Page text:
Nate Silver built an innovative system for predicting baseball performance, predicted the 2008 election within a hair’s breadth, and became a national sensation as a blogger - all by the time he was 30. The New York Times now publishes FiveThirtyEight.com, where Silver is one of the nation’s most influential political forecasters.
Drawing on his own groundbreaking work, Silver examines the world of prediction, investigating how we can distinguish a true signal from a universe of noisy data. Most predictions fail, often at great cost to society, because most of us have a poor understanding of probability and uncertainty. Both experts and laypeople mistake more confident predictions for more accurate ones. But overconfidence is often the reason for failure. If our appreciation of uncertainty improves, our predictions can get better too. This is the “prediction paradox”: The more humility we have about our ability to make predictions, the more successful we can be in planning for the future.
In keeping with his own aim to seek truth from data, Silver visits the most successful forecasters in a range of areas, from hurricanes to baseball, from the poker table to the stock market, from Capitol Hill to the NBA. He explains and evaluates how these forecasters think and what bonds they share. What lies behind their success? Are they good - or just lucky? What patterns have they unraveled? And are their forecasts really right? He explores unanticipated commonalities and exposes unexpected juxtapositions. And sometimes, it is not so much how good a prediction is in an absolute sense that matters but how good it is relative to the competition. In other cases, prediction is still a very rudimentary - and dangerous - science.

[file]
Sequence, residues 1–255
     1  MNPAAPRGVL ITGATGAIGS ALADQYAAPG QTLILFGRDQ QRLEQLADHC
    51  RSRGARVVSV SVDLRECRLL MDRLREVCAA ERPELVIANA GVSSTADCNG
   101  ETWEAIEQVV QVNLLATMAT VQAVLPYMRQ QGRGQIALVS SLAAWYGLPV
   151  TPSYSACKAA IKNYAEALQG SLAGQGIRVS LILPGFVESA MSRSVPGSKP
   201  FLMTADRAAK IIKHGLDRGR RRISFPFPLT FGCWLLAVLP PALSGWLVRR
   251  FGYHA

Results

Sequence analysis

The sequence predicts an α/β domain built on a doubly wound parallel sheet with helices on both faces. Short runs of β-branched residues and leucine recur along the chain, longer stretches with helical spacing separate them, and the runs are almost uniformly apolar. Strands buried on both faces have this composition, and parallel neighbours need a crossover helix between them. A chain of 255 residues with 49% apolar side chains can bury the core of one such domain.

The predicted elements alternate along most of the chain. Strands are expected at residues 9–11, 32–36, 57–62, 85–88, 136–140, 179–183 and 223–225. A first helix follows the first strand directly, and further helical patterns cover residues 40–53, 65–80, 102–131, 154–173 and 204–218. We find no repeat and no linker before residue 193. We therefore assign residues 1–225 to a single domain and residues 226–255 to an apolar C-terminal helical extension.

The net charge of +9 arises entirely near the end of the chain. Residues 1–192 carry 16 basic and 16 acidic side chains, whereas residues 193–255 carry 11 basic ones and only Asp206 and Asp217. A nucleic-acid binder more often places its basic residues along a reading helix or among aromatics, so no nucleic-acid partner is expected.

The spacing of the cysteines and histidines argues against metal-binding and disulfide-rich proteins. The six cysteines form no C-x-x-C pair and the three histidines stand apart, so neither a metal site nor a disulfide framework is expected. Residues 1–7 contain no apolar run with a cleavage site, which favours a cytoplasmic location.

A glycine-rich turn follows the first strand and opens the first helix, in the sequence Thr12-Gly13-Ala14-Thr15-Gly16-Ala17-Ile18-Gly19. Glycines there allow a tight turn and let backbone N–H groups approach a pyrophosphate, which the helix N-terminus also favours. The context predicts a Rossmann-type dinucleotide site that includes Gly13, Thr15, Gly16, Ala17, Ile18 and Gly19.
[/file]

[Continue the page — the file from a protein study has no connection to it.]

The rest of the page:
Silver observes that the most accurate forecasters tend to have a superior command of probability, and they tend to be both humble and hardworking. They distinguish the predictable from the unpredictable, and they notice a thousand little details that lead them closer to the truth. Because of their appreciation of probability, they can distinguish the signal from the noise.
With everything from the health of the global economy to our ability to fight terrorism dependent on the quality of our predictions, Nate Silver’s insights are an essential listen.
©2012 Nate Silver (P)2012 Penguin Audio
"Nate Silver's The Signal and the Noise is The Soul of a New Machine for the 21st century." (Rachel Maddow, author of Drift)
too much water. overall this book lacks organization. there would be a single point made and then that point would be supported by an example in baseball, weather or market forecasting for the next 2 hours. as much as I love stories there's way more trivia in this book than it reasonably should allow. points are reiterated *a lot*. everything that the book says could be said and shown in a 20 pages essay.
It is a great book and the data is well laid out.
I would recommend it to anyone looking for some clarity on world events.
The issue is the equations, charts and graphs described in the book. I don't know how you can fix that for an audio book
I love the concept and the introduction of Bayes Theorem
He did a good job
I thought the examples were a little long and over discussed
I plan to return the audiobook and buy a hard copy.
Psychology and Biology nerd. Chemistry enthusiast. Fan of good research-based science books, comedies and crime.
Nate gives a great view of how big data can and should work (or not). I particularly liked that while some case studies had clear central messages, he avoided reductionism and reapplied lessons from other chapters.
This is a must read for any one interested in being correct about the world we live in.
The way the book ties together so many different threads with a single consistent hypothesis is praiseworthy
I now understand part of the reason I kept seeing Bayes' Theorem referenced everywhere when this book was released.
I like how the focus is on confronting priors. not eliminating them, but seeing the effect they have on your view. I confess I will be doing some basic calculations in the coming days.
this does make the second book read by Chamberland that basically slams you with data. much more approachable than Gig Calories, Bad Calories.
Not for everyone and some of the chapters were a bit long, but still a great book dealing our ability to see into the future.
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